If Hits seems a little inadequate, even though it weighs in at 16 tracks, that's because Phil Collins had such a long, productive run. Also, to casual listeners (and possibly even some fans), it's hard to tell which singles are by Genesis and which ones are solo cuts. So, it's almost a certainty that listeners will find something missing from this disc -- and not just because Genesis cuts are absent, but because there's not enough space to fit all of Collins' solo hits, especially since the compilers decided to include a couple of lesser, latter-day hits at the expense of some earlier, bigger ones, while adding his non-LP cover of Cyndi Lauper's "True Colors" to entice hardcore fans. Thus, there are only 13 hits, which means some other big hits and good songs are absent -- "I Missed Again," "I Don't Care Anymore," "Don't Lose My Number," "Do You Remember?" are all MIA. A few of these omissions are quite regrettable, but in the end, Hits is nevertheless a representative and pretty entertaining collection. The sequencing is not chronological, so it doesn't develop a nice flow (although "Take Me Home" is admittedly the ideal closer), but the chief strength of this collection is that it puts all of the big hits - including "Easy Lover," "Against All Odds," "In the Air Tonight," "Sussudio," "One More Night" and "Separate Lives" -- in one place. No, it's not perfect -- and it's hard not to wish that it was -- but Hits still contains the majority of Collins' solo smashes, and that alone makes it a nice addition to his catalog.

Stephen Thomas Erlewine, Rovi

Eliminator

ZZ Top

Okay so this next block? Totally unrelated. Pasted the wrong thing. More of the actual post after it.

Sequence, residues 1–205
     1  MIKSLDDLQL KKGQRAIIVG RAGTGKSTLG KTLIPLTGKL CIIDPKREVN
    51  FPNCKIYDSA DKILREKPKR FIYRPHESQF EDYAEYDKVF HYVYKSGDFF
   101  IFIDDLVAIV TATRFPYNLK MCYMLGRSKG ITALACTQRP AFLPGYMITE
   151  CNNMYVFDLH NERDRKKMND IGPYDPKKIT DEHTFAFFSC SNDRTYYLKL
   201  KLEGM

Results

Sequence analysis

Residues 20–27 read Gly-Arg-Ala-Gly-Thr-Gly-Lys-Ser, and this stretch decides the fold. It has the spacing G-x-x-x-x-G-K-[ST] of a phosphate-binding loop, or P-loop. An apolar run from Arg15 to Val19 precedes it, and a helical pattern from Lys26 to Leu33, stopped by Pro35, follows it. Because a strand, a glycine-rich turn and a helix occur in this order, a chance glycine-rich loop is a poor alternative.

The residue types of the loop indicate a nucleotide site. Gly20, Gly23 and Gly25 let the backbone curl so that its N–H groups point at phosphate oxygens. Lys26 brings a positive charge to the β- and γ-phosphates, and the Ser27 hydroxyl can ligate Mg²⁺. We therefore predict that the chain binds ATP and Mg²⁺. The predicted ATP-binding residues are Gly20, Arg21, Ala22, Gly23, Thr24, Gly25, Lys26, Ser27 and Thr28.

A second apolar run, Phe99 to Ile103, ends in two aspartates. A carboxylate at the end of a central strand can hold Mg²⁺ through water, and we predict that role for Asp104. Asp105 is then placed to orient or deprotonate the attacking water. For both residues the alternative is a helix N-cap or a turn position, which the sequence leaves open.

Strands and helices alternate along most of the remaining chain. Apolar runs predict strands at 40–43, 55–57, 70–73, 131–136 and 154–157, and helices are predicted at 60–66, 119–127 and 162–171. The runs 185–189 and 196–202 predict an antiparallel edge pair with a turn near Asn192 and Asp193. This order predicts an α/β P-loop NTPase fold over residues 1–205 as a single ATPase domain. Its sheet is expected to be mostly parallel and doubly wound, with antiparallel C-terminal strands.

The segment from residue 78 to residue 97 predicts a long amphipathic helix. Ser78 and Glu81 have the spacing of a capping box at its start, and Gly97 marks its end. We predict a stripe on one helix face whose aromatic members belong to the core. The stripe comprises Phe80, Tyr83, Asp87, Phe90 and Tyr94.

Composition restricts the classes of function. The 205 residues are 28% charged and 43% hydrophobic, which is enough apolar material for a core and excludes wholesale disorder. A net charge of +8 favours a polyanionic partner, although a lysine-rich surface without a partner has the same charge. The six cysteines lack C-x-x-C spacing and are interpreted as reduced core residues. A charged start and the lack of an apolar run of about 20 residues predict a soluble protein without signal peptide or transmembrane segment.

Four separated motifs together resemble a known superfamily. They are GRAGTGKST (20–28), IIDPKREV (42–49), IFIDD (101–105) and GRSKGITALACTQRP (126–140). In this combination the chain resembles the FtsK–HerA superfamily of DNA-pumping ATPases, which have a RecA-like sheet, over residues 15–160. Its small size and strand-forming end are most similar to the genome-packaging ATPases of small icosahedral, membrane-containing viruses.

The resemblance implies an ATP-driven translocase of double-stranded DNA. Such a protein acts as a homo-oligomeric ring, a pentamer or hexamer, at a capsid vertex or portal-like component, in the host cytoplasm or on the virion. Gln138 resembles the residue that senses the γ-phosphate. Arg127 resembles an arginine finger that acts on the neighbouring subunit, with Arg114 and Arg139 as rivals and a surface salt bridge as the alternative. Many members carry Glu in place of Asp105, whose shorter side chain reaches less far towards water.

ZZ Top had reached the top of the charts before, but that didn't make their sudden popularity in 1983 any more predictable. It wasn't that they were just popular -- they were "hip", for God's sake, since they were one of the only AOR favorites to figure out to harness the stylish, synthesized grooves of new wave, and then figure out how to sell it on MTV. Of course, it helped that they had songs that deserved to be hits. With "Gimme All Your Lovin'," "Sharp Dressed Man," and "Legs," they had their greatest set of singles since the heady days of Tres Hombres, and the songs that surrounded them weren't bad either -- they would have been singles on El Loco, as a matter of fact. The songs alone would have made Eliminator one of ZZ Top's three greatest albums, but their embrace of synths and sequencers made it a blockbuster hit, since it was the sound of the times. Years later, the sound of the times winds up sounding a bit stiff. It's still an excellent ZZ Top album, one of their best, yet it sounds like a mechanized ZZ Top thanks to the unflaggingly accurate grooves. Then again, that's part of the album's charm -- this is new wave blues-rock, glossed up for the video, looking as good as the omnipresent convertible on the cover and sounding as irresistible as Reaganomics. Not the sort the old-school fans or blues-rock purists will love, but ZZ Top never sounded as much like a band of its time as they did here. [Based on Rhino's 2008 Deluxe reissue of ZZ Top's classic 1983 LP Eliminator, the trio didn't have much in the way of unreleased songs left in the vaults, but that doesn't mean this double-disc set isn't useful. This set has a DVD devoted to the album's landmark videos -- "Gimme All Your Lovin'," "Sharp Dressed Man," "Legs," and "TV Dinners," all staples of early MTV -- adding a couple of live performances for good measure. Live performances are also the key to the expansion of the CD, as the seven bonus tracks contain two mixes of "Legs" -- a 7" edit and a 12" mix -- and five live cuts from the Eliminator tour. These live performances aren't as good as the sleek, gleaming finished album, as the group had neither learned to expertly play with a drum machine on-stage or figure out how to do these songs without electronics, but that just winds up highlighting what an exceptionally well-crafted, imaginative production the original Eliminator was and for that, this deluxe edition is worth exploring.]